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dc.contributor.authorDavison, J.*
dc.contributor.authorShare, M.*
dc.contributor.authorHennessy, M.*
dc.contributor.authorStewart-Knox, Barbara*
dc.date.accessioned2014-12-18T09:38:40Z
dc.date.available2014-12-18T09:38:40Z
dc.date.issued2015
dc.identifier.citationDavison, J., Share, M., Hennessy M. and Stewart-Knox, B. (2015) Caught in a ‘spiral’. Barriers to healthy eating and dietary health promotion needs from the perspective of unemployed young people and their service providers. Appetite. Vol. 85. Pp. 146-154.en_US
dc.identifier.urihttp://hdl.handle.net/10454/6780
dc.descriptionNoen_US
dc.description.abstractThe number of young people in Europe who are not in education, employment or training (NEET) is increasing. Given that young people from disadvantaged backgrounds tend to have diets of poor nutritional quality, this exploratory study sought to understand barriers and facilitators to healthy eating and dietary health promotion needs of unemployed young people aged 16–20 years. Three focus group discussions were held with young people (n = 14). Six individual interviews and one paired interview with service providers (n = 7). Data were recorded, transcribed verbatim and thematically content analysed. Themes were then fitted to social cognitive theory (SCT). Despite understanding of the principles of healthy eating, a ‘spiral’ of interrelated social, economic and associated psychological problems was perceived to render food and health of little value and low priority for the young people. The story related by the young people and corroborated by the service providers was of a lack of personal and vicarious experience with food. The proliferation and proximity of fast food outlets and the high perceived cost of ‘healthy’ compared to ‘junk’ food rendered the young people low in self-efficacy and perceived control to make healthier food choices. Agency was instead expressed through consumption of junk food and drugs. Both the young people and service providers agreed that for dietary health promotion efforts to succeed, social problems needed to be addressed and agency encouraged through (individual and collective) active engagement of the young people themselves.en_US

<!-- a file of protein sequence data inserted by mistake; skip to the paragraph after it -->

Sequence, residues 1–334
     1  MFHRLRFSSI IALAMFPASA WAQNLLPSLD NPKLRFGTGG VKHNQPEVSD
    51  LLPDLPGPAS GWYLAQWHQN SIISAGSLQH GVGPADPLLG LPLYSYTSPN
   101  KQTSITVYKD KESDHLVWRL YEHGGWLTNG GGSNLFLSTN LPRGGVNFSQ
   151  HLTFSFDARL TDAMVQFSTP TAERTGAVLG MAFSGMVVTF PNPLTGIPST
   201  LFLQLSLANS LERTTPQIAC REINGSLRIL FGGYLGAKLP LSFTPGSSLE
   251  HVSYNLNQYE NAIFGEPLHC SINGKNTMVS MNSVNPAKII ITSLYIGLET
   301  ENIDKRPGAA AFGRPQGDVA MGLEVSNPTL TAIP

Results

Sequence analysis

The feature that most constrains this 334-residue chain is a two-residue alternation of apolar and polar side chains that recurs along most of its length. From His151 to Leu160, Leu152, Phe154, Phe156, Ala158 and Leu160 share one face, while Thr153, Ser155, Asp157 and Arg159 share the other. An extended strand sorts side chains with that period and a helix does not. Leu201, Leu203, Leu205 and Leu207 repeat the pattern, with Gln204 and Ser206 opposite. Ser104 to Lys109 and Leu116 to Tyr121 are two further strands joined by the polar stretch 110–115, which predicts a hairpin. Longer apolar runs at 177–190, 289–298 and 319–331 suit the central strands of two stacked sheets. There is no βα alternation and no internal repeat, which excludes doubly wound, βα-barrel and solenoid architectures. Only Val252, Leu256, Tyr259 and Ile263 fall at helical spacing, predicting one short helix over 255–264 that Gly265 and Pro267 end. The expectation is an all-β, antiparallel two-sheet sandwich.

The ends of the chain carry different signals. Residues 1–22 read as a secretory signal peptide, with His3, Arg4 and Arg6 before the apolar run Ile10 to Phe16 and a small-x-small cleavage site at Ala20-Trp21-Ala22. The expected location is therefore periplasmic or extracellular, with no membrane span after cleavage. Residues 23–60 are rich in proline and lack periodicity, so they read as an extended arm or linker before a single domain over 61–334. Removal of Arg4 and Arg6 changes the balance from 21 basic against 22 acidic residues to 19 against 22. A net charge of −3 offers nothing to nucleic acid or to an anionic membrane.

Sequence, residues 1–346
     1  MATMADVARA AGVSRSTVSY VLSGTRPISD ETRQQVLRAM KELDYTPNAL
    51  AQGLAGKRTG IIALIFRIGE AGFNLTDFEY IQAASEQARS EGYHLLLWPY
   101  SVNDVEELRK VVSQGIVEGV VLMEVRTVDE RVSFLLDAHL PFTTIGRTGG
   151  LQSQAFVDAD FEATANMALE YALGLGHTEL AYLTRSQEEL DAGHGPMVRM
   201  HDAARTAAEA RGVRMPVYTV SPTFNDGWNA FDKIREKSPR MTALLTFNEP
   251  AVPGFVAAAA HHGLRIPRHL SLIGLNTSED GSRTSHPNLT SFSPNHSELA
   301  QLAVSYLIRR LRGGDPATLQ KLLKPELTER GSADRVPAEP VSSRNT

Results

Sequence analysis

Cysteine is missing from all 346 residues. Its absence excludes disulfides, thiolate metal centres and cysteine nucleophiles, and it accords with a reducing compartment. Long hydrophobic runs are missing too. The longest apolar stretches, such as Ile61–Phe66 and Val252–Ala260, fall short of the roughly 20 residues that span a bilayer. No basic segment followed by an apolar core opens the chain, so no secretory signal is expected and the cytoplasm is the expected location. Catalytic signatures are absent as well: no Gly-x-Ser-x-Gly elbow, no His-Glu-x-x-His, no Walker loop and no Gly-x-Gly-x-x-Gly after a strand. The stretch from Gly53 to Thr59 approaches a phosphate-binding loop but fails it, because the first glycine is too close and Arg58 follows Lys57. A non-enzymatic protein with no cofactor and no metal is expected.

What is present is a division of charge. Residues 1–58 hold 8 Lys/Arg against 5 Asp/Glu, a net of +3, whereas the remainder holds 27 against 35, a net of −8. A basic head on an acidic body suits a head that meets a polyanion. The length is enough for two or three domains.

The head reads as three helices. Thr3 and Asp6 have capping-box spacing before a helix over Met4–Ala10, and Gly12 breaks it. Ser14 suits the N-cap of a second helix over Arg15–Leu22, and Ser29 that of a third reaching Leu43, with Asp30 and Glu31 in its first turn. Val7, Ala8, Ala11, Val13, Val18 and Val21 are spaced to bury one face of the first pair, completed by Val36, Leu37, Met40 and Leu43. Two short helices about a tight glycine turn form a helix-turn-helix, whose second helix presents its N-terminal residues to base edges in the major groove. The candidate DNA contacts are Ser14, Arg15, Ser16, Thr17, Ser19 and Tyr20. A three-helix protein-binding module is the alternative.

dc.language.isoenen_US
dc.relation.isreferencedbyhttp://dx.doi.org/10.1016/j.appet.2014.11.010en_US
dc.rights© 2015 Elsevier. Reproduced in accordance with the publisher's self-archiving policy. “This is the author’s version of a work that was accepted for publication in Appetite. Changes resulting from the publishing process, such as peer review, editing, corrections, structural formatting, and other quality control mechanisms may not be reflected in this document. Changes may have been made to this work since it was submitted for publication. A definitive version was subsequently published in Appetite, http://dx.doi.org/10.1016/j.appet.2014.11.010.en
dc.subjectFood choiceen_US
dc.subjectSocial cognitive theoryen_US
dc.subjectQualitativeen_US
dc.subjectInterviewen_US
dc.subjectNEETen_US
dc.subjectYoung peopleen_US
dc.titleCaught in a ‘spiral’. Barriers to healthy eating and dietary health promotion needs from the perspective of unemployed young people and their service providersen_US
dc.status.refereedYesen_US
dc.typeArticleen_US
dc.type.versionnot applicable paperen_US
refterms.dateFOA2018-07-25T11:03:14Z


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